LEHI, UT—Ancestry®, the leader in family history, today released survey findings that half (50%) of Americans know more about families from their favorite TV shows than their own family tree* – and more than half (53%) can’t name all four of their grandparents**. While Americans spend countless hours captivated by their favorite shows, in reality, people’s own family stories are often just as compelling as the fictional ones they love and follow – with triumphs, twists, successes, struggles and even scandals
Ancestry teamed up with actress Sarah Hyland from Emmy-winning Modern Family, for an episode of “2 Lies & A Leaf®” to discuss her personal knowledge of her family history and how that rivals her extensive knowledge of her fictional TV family. Joined by her husband and TV personality Wells Adams, the newlyweds put their family history knowledge to the test. Complete with mysterious deaths, a haunted hotel, and even parallels to Sarah’s iconic role as Haley Dunphy, Sarah discovered her own family stories are equally as script-worthy – and now she’s encouraging everyone to find and share their own.
“Over the years, millions of people fell in love with Modern Family’s characters, comedy, conflict and plot twists,” said Sarah Hyland. “And if you think about it, our family stories also have these same elements. Piecing together the details makes the family history journey so much fun. I can’t wait to discover the next episode in my own story.”
While many Americans know more about fictional TV families, three-fourths (75%) are interested in learning more about their own family history*. With the help of Ancestry, Sarah and Wells discovered their own family stories that are stranger than fiction:
- Sarah learned her second great-granduncle traveled on top of a freight train and later saved people during a deadly hurricane. Through an obituary record, Sarah learned he went on to own the luxurious Skirvin Hotel, which is rumored to be haunted after a mysterious death.
- Tip: An obituary can act like a ‘starter kit’ for family history, with details like place of birth, marriage, occupation, residence, and family members.
- Mirroring Wells’ role as the witty bartender on a reality dating show, a 1932 newspaper article revealed his great-grandfather was a bootlegger during Prohibition.
- Tip: Explore more than 8 billion articles and 700 million pages of historical newspapers on Newspapers.com™, which can provide rich details about your family throughout time including major life events, news articles and photos.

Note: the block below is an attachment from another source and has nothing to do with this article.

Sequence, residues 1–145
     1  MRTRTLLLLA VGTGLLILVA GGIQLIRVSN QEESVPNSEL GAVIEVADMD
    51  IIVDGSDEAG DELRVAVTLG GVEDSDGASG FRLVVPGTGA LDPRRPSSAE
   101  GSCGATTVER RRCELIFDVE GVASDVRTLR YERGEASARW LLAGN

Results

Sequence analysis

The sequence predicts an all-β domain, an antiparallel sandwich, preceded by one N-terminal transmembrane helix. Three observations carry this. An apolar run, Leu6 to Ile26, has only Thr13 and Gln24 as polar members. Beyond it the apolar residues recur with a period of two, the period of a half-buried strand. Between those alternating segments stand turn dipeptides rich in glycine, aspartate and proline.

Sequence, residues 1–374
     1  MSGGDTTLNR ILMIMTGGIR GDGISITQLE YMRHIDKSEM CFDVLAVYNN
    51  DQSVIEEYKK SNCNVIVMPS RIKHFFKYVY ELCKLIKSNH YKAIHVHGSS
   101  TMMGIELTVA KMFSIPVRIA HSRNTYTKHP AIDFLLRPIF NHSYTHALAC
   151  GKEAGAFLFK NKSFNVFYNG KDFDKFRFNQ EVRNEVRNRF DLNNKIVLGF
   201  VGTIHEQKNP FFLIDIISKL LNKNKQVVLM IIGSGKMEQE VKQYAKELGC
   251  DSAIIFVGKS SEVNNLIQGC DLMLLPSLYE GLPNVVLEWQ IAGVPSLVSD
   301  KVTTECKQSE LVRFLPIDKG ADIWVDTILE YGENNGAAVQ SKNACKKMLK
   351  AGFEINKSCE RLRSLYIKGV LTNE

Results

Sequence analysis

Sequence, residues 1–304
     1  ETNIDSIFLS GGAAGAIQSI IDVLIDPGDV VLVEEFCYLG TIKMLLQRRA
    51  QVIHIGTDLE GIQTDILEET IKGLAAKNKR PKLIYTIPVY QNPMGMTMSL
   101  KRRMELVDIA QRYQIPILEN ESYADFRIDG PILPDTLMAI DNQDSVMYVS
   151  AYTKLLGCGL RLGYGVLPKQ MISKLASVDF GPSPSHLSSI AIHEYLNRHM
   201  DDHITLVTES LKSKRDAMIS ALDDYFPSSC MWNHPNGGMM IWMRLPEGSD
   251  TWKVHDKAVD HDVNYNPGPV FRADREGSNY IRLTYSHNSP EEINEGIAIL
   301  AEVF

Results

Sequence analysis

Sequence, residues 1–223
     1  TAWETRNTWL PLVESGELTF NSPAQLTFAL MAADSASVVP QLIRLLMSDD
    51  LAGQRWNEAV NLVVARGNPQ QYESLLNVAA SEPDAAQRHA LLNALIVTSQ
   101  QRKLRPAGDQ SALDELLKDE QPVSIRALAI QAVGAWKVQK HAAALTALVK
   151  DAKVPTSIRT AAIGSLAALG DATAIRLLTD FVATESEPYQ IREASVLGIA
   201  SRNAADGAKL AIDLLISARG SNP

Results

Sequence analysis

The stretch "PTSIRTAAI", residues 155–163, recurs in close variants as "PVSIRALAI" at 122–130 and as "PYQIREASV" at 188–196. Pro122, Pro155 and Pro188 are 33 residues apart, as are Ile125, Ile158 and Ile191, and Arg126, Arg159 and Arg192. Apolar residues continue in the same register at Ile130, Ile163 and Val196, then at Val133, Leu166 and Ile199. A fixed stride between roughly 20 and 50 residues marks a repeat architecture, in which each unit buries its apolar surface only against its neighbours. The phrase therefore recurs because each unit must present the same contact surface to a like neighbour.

- Sarah discovered sisters in her family tree similar to the Dunphy sisters, Haley and Alex. Sarah’s second great-grandmother appeared to be a bit of a partygoer, according to a “Society” section feature in a newspaper – and a census record revealed she was also into fashion, with her occupation listed as a hat maker. Meanwhile, her sister is listed as a medical doctor.
- Tip: A census record can help you learn about your family, with details like home address, occupations, names and ages of members of the household, how much money they made at the time, and more.
- Using the Ancestry photo colorization tool, Sarah was able to colorize a 1951 yearbook photo of her grandmother. The resemblance between the two women is uncanny, accentuated by the newly vibrant edit of the original black and white photo.
- Tip: Click here to learn how to colorize your family photos on the Ancestry mobile app or a desktop.
Sarah Hyland and Wells Adams’ “2 Lies & A Leaf®” episode debuts today on the Ancestry YouTube Channel here. Visit Ancestry.com to start building a family tree for free, so you can know your family like you know your fiction.
Ancestry®, the global leader in family history and consumer genomics, empowers journeys of personal discovery to enrich lives. With our unparalleled collection of more than 30 billion records, over 3 million subscribers and over 22 million people in our growing DNA network, customers can discover their family story and gain a new level of understanding about their lives. For over 30 years, we’ve built trusted relationships with millions of people who have chosen us as the platform for discovering, preserving and sharing the most important information about themselves and their families.
*Data from a survey conducted by OnePoll on behalf of Ancestry from August 2 to August 12, 2022, with a panel of 2,006 Americans across the general U.S. population.
** Data from a survey conducted by OnePoll on behalf of Ancestry from March 17 to March 22, 2022, with a panel of 2,113 Americans, including 1,911 from top 10 DMAs and 202 from Salt Lake City, UT.
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